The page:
Two positively charged objects at a distance exert a repulsion force to each other. If we place a negatively charged object instead of one positive object at the same place, the force, although still have the same magnitude, becomes repulsive. Therefore, the electrostatic force between two object depends on each object’s charges. We can define the Electrostatic field as a property generated by one charge only. This can be defined by dividing the Force F generated in between two charges by one of the charges as follows.

The electric field at some point is defined as the electric force F (experienced by a test charge q) divided by the charge q. In other words. The electric field equals to the electric force per unit charge. The object’s electric field is always present and its magnitude can vary by changing the distance from that object. If another charge q enters the field, the force it experiences is exerted by the electric filed of the original object.

1.7 Electric Field Line

One can define electric field lines to visualize the direction of a given force or a given electric field. The electric field for a positive charge always points away from it, outward, whereas the electric field of a negative charge point towards it, or inwards.

The field direction of a single charge is the direction of the force a positive net charge experienced near the charge. We can find that the test charge is repelled by the original charge when placing near it. The test charge is attracted by the original charge.

When placing two opposite charges together, they attract each other, so the electric field point toward the negative charge. On the left side of the negative charge, the field line is same to single negative charge’s, and on the right of the positive charge, the field line is also same to that of a single positive charge.

1.8 Electric Potential Energy

The electrostatic force is a conservative force, which means that we can define an electrostatic potential energy. This potential energy leads to the related concept of electric potential. As the change of kinetic energy equals the total work done on the object, if there is only electrostatic force act on the object, the work done by the electrostatic force equals the change in potential energy.

In a uniform electric field as shown above, , If a positive charge moves downward (in the direction of E), the work done by the electric force is positive, so U decreases.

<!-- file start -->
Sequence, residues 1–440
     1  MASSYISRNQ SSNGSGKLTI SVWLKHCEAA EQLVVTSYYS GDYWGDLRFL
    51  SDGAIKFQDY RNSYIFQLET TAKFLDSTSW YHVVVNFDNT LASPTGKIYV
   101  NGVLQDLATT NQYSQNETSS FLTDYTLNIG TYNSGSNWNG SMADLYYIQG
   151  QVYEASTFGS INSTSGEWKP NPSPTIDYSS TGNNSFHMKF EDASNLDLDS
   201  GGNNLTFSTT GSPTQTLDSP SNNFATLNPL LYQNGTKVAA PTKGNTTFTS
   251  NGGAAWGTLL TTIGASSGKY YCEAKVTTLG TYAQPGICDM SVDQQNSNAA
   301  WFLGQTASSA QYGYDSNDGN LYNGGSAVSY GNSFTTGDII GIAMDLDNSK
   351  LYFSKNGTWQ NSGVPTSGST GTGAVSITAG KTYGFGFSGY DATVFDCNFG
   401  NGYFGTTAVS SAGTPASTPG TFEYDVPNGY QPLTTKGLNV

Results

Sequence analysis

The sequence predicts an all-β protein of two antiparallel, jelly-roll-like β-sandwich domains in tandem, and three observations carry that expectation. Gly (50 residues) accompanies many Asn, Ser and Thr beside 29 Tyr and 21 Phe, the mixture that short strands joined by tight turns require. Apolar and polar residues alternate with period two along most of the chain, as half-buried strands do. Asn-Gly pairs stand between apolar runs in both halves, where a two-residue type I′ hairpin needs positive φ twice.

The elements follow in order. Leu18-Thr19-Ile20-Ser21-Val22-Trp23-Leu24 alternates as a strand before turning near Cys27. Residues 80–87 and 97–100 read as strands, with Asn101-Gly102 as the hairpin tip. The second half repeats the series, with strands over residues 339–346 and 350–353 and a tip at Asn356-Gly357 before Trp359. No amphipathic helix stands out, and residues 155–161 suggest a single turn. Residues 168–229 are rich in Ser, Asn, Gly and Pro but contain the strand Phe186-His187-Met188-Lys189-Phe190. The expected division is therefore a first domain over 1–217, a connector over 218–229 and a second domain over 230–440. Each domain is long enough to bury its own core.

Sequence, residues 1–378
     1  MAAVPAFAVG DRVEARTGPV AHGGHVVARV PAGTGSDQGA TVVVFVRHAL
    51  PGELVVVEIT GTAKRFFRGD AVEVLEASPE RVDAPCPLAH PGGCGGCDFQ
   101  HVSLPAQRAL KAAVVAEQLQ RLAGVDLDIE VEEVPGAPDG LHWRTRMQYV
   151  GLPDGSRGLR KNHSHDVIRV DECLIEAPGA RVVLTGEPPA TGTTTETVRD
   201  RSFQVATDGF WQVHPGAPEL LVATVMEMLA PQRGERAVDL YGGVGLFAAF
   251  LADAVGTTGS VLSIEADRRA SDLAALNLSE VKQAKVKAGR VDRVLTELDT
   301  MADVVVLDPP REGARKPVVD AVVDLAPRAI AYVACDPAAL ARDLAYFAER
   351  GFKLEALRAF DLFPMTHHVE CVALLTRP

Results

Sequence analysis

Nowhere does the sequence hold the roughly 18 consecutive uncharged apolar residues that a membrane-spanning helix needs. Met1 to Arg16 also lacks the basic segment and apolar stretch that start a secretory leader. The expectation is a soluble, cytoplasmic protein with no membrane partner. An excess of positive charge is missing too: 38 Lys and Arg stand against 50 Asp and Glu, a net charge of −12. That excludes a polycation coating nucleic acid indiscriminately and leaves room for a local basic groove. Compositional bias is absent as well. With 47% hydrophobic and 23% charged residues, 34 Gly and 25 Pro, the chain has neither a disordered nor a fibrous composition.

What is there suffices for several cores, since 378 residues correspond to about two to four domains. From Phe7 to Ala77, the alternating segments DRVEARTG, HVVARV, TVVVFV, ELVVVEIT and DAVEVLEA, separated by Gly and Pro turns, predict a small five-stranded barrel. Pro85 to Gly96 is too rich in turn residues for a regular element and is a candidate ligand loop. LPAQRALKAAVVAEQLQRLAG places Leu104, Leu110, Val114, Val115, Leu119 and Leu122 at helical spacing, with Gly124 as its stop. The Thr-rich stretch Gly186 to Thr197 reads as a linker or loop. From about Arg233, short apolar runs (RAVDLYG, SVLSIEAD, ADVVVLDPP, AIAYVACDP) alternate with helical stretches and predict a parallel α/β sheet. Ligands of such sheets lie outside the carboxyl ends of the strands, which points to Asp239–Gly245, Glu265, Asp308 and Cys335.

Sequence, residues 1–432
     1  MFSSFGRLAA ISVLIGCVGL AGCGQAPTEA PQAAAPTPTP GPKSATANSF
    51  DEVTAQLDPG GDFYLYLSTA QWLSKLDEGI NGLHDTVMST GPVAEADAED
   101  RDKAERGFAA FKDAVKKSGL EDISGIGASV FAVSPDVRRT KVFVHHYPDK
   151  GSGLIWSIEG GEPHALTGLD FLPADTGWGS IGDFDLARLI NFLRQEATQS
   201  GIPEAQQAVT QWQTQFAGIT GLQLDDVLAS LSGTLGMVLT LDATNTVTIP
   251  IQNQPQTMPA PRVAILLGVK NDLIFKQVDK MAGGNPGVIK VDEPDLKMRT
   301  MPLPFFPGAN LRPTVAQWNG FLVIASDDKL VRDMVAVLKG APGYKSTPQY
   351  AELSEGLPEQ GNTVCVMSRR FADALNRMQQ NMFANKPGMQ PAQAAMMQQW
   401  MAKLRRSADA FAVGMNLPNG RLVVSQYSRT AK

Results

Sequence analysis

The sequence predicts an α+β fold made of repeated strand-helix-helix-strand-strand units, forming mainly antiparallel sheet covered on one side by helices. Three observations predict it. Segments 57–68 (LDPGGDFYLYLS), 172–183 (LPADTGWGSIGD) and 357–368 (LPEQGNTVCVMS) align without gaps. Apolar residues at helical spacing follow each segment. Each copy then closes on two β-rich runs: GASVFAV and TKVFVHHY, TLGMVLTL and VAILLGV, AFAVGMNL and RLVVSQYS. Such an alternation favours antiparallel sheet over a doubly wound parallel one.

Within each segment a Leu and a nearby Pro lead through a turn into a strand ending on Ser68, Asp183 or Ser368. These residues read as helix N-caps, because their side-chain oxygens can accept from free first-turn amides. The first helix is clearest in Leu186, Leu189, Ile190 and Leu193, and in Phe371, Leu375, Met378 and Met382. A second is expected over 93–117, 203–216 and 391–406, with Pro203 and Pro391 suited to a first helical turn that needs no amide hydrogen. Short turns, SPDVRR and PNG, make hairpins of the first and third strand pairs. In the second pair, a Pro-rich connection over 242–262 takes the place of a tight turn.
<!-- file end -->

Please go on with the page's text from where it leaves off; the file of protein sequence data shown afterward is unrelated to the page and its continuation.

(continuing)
If the charge moves in the opposite direction of E, the work done by the electric field is negative. In other words, an external force is done on the charge, causing U increases. For positive charges, moving along a positive electric field decreases their electric potential energy, while for negative charges, moving along the positive electric field increases U.

Since we usually define U=0 when r is infinite, when moving a particle from infinite far to r. Therefore,

1.9 Electric potential

Electric potential is related to electrostatic potential energy in much the same way as electric field is related to the electrostatic force. The change in electric potential is equal to the change in electrostatic potential energy per unit of positive charge.

Its unit is V or J/C. Electric potential is also called potential energy per unit charge. Like electric field, V exist at a point even if there is no charge.

Part 2

2.1 Electric Circuits

An electric circuit is defined as a closed conducting path that allows the electric charges in the wire to move from one region to another. Within a conductor, when there is no external electric field, the charges move randomly. Instead, if there is an electric field E is established inside the conductor, charges will experience a force and start to move in one direction. The charges also experience collisions with the metal particles when they pass through conductors. In other words, the kinetic energy supplied by the electric field is dissipated to heat the conductor, which keeps the charges from moving faster.

Electric circuits must be a closed circuit instead of an open circuit or a conductor. In an open circuit, an electric field E1 will let positive and negative charges accumulate respectively at two sides of the wire. These charges will then create an opposite electric field E2 , which will offset E1 and decrease the total electric field to zero.

As a result, we need a device, often called a battery, that act as an external force that can is in opposite direction to that result from E1 and carry the positive charges from lower potential to higher potential.

Therefore, a complete circuit must consist of a wire, a conductor (or resistance), and a battery.

2.2 Electric current